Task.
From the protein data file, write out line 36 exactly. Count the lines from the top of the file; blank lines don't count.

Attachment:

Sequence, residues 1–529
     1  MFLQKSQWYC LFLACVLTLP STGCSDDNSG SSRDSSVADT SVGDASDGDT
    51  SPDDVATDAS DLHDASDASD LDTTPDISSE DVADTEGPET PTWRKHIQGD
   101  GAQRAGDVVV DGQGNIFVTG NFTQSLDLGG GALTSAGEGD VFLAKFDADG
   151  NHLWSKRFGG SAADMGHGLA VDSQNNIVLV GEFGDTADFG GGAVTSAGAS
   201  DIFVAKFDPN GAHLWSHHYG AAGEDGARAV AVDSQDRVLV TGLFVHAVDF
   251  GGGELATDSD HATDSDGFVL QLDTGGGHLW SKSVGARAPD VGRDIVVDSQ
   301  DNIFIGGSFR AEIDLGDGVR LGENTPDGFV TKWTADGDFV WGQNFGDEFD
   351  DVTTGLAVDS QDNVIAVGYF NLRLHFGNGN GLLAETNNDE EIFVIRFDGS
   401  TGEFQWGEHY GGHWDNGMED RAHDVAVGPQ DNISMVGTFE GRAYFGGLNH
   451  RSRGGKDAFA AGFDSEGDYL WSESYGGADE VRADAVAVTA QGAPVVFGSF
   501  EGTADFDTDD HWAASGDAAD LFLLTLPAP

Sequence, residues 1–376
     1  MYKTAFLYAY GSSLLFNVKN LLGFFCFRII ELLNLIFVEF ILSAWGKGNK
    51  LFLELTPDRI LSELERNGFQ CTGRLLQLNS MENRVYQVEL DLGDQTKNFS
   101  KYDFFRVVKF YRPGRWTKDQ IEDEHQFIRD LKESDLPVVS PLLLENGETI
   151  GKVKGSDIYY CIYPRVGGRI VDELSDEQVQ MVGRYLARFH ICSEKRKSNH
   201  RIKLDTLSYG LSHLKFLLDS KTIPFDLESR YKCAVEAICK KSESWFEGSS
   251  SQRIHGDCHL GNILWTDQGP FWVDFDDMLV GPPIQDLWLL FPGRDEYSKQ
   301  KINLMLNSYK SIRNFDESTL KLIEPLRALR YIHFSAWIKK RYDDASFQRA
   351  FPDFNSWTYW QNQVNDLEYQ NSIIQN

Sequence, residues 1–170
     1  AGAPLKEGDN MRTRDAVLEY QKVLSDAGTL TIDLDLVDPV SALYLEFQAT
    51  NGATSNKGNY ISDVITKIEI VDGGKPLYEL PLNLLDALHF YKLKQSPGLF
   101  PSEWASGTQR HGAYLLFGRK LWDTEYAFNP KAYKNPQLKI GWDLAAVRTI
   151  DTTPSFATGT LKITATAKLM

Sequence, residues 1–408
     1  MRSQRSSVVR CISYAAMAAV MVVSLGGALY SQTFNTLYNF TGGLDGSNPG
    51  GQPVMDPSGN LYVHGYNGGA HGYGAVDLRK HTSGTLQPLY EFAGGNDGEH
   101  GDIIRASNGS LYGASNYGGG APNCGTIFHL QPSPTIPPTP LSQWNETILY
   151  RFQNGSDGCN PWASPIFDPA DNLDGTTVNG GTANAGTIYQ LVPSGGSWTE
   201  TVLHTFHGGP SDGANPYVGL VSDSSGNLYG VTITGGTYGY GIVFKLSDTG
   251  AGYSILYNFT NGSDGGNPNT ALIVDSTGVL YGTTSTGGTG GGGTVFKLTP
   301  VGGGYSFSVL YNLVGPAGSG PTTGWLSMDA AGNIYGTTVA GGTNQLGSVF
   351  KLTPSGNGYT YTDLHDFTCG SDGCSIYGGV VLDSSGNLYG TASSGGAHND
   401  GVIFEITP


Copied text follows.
   401  GVIFEITP